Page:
WIT Press

Costs And Externalities Of Road Transport In Portugal


Free (open access)

Paper DOI






Page Range

23 - 34




302 kb


M. Lopes, P. Gomes, H. Martins & C. Borrego


Urban dispersion (sprawl) is a reality, however unplanned it may be. Its supporters advocate contact with nature, space and intimacy, however disadvantages include land consumption, public infrastructure and mobility costs and housing prices. The Research Project \“Costs and Benefits of Urban Dispersion on a local scale” seeks to contribute to the debate with an objective approach based on the quantification of costs, externalities and benefits of different urban settlement patterns. This paper presents one of the Project’s tasks, the one concerning mobility costs, including externalities. Quantified costs include investment, inspection, insurance, energy and maintenance, as well as external social and environmental costs for road transport, the most significant transport mode operating on a local scale. Different methods are combined depending on available data sources in order to achieve figures for each of the cost components per vehicle-km, ton-km and passenger-km at prices of 2005. Preliminary results for direct costs suggest that in light vehicles investment costs are responsible for the largest share of the totals, while energy costs are the most relevant cost component in heavy vehicles. Heavy duty passenger transport is significantly more expensive than their counterparts. Externalities may mount up to around half of the total costs for some road vehicles. Keywords: urban dispersion; road transport; internal costs; externalities. 1 Introduction The urban future of Europe is today a matter of great concern, since approximately 75% of the European population lives in urban areas, a number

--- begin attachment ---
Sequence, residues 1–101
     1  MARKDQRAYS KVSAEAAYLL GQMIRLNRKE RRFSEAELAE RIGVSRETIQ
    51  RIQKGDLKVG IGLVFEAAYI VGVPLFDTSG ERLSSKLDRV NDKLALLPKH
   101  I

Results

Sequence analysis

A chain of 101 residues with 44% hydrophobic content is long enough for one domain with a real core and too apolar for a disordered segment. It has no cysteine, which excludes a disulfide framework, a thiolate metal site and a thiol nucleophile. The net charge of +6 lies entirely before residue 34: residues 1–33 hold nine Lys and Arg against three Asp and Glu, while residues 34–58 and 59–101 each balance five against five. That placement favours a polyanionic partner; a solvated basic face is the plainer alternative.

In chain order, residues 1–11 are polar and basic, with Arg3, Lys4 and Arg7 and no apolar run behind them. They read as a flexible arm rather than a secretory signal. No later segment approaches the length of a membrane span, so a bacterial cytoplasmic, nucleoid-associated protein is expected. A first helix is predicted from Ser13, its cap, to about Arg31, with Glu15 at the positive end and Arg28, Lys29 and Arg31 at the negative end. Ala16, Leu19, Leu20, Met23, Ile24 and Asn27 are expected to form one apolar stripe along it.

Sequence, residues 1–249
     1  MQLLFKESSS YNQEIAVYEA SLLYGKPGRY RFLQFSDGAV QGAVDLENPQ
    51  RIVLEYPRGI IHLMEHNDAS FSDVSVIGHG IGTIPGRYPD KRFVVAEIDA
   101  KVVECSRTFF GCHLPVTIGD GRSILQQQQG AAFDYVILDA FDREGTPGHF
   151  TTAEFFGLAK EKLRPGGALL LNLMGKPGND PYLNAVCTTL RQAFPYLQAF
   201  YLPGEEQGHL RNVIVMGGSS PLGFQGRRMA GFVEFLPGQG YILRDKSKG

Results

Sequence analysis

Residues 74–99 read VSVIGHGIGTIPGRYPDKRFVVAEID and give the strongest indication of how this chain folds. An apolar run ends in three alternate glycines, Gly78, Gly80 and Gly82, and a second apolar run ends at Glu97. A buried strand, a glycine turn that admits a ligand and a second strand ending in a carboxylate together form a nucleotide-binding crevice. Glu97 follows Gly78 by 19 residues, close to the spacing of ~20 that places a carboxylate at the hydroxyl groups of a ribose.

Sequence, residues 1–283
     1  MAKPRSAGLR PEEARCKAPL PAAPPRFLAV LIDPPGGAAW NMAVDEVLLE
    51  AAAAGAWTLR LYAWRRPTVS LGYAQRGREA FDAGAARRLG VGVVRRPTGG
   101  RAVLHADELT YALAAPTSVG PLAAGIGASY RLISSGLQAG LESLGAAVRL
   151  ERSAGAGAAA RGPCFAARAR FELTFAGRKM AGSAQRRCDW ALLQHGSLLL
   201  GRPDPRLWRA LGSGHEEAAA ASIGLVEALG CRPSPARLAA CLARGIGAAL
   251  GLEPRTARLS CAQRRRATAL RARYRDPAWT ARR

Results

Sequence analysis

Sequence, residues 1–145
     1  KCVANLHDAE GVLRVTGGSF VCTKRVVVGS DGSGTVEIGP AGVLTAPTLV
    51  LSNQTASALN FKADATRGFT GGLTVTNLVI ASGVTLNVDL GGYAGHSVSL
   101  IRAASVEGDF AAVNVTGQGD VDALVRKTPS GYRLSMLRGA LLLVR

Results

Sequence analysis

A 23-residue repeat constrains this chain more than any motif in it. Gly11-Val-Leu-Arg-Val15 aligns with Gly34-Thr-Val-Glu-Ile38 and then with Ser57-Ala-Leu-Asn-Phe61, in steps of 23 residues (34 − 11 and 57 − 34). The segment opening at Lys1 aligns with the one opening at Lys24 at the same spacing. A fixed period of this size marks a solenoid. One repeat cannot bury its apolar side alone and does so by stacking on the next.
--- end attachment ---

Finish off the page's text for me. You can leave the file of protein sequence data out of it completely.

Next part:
urban dispersion; road transport; internal costs; externalities